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The Innovation Game... Govt predicts further NZ R&D spend

The Innovation Game... Govt predicts further NZ R&D spend

"This continues a strong run of growth in business research and development by New Zealand companies since the worst days of the Global Financial Crisis."

Science and Innovation Minister Steven Joyce has welcomed Statistics New Zealand data released that shows businesses in New Zealand continue to invest more in research and development to fuel their growth.

As reported by Computerworld New Zealand, business expenditure on research and development (BERD) has increased by $53 million since the last survey in 2012, reaching $1,246 million in 2014.

"This continues a strong run of growth in business research and development by New Zealand companies since the worst days of the Global Financial Crisis,” Joyce says.

As well as the increase in business expenditure, the survey found the number of businesses performing R&D in 2014 rose to 1549.

According to Joyce, a slight decline in business R&D as a percentage of GDP is largely due to better than expected growth in our overall economic performance.

The greatest increase in R&D spending was in the services industry, with computer services the biggest spender on R&D of any business type – up 41 percent from $221 million in 2012 to $311 million in 2014.

“The increase in R&D by the computer services sector is particularly impressive,” Joyce adds. “Also positive is that almost half of all businesses expect to increase their R&D activity in the coming year.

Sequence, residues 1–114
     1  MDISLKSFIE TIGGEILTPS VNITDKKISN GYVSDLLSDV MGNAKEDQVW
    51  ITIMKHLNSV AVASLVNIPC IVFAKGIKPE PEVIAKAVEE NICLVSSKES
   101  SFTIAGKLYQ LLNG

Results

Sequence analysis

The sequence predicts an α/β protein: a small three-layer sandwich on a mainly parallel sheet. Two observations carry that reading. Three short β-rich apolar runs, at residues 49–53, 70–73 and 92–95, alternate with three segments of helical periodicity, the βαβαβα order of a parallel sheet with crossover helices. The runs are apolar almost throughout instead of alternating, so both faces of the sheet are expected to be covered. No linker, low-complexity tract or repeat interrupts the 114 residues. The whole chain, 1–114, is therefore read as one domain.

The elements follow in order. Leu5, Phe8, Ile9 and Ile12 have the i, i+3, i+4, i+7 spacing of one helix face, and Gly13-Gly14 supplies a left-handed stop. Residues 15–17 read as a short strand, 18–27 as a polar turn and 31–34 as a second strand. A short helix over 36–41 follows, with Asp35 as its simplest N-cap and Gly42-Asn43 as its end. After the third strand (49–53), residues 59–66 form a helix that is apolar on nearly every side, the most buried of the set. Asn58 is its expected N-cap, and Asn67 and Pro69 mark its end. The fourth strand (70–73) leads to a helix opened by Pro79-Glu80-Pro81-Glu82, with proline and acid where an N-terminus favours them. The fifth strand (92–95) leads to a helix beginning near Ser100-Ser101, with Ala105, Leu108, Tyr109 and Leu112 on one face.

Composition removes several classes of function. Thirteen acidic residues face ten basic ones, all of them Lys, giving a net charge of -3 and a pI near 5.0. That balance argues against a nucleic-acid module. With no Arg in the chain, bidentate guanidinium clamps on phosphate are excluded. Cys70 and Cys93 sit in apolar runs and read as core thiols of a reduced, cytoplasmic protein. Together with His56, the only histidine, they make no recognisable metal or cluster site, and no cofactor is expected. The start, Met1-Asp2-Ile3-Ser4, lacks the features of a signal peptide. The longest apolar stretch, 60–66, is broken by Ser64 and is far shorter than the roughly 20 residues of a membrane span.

“In addition, the number of full-time equivalent researchers, technicians and support staff employed in businesses has increased from 8,800 to 10,000, along with an increase in the total number of researchers in New Zealand from 34,900 to 37,300.”

At present, many of the Government’s more recent initiatives to encourage business R&D are yet to feature in the performance figures.

"These figures are taken from the 2013/2014 financial accounts of New Zealand companies and research organisations, so initiatives such as the new R&D growth grants administered by Callaghan Innovation, National Science Challenges, and the ability to cash out R&D tax losses will not yet be reflected in the official figures,” Joyce adds.

“We will be monitoring these investments closely in the coming years to ensure they are delivering the desired lift in R&D expenditure.”

Joyce says the Government will continue to encourage businesses from all industries to increase their R&D activity to build a stronger R&D ecosystem within New Zealand.

“This is a key focus of the Government’s Business Growth Agenda,” he adds. “Strengthening business R&D performance and driving increased innovation will help more Kiwi companies compete and succeed on the world stage.

“Growing more companies on the back of innovative and unique products and services is the key to building a stronger, more diversified New Zealand economy.”

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